Pakistan’s first female Supreme Court judge has been sworn in in the capital Islamabad.
Ayesha Malik, 55, now sits on a bench with 16 other male colleagues in the Muslim-majority country’s top court.
Lawyers and activists said it was a rare victory after decades of struggle to get representation for women in Pakistan’s male-dominated society.
Some lawyers and judges opposed Justice Malik’s appointment as she was seen to be less senior than other candidates.
Justice Malik, who was educated at the Pakistan College of Law and Harvard University, has served as a high court judge in the city of Lahore in eastern Pakistan for the last two decades.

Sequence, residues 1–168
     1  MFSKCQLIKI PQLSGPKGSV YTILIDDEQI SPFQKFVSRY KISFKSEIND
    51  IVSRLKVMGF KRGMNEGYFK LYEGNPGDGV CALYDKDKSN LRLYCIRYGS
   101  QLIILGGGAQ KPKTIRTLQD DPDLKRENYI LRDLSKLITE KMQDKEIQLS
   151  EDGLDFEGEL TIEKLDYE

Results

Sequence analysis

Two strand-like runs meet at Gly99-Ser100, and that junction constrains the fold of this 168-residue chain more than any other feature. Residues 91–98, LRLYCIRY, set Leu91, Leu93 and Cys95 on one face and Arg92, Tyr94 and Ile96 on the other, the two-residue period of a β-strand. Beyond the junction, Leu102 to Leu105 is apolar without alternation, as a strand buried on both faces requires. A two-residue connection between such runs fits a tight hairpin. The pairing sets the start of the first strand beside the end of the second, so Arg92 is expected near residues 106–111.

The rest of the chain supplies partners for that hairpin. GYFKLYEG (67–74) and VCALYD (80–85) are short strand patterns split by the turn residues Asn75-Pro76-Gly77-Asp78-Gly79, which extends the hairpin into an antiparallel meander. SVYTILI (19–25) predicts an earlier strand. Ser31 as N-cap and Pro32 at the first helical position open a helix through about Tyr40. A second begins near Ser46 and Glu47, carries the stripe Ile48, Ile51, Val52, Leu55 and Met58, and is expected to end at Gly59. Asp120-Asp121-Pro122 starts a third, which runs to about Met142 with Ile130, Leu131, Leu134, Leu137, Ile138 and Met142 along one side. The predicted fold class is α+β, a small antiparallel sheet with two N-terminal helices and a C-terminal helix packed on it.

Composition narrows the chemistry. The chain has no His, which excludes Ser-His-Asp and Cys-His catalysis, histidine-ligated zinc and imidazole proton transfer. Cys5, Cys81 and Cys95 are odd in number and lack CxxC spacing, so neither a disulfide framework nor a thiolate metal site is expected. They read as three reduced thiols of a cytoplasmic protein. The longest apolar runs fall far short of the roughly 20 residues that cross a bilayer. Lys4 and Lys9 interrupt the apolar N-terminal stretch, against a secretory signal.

She is seen to have played an important role in challenging patriarchal legal mores in the province.
Last year, she outlawed the use of so-called “virginity tests” during rape examinations of sexual assault victims.
The judiciary in Pakistan has been historically conservative and male-dominated.
Lawyers and activists have hailed her elevation as a historic appointment.
“It’s a huge step forward,” rights activist and lawyer Nighat Dad told AFP news agency. “It is history in the making for Pakistan’s judiciary.”
However, Justice Malik’s appointment has been criticised by some and last year, her elevation to the same post was voted down.
In the months running up to this year’s vote, many lawyers and judges accused Justice Malik of jumping in front of a queue of more senior male candidates who were seen to be more qualified for the post.
Justice Malik was the fourth most senior judge in the lower court from which she has now been elevated.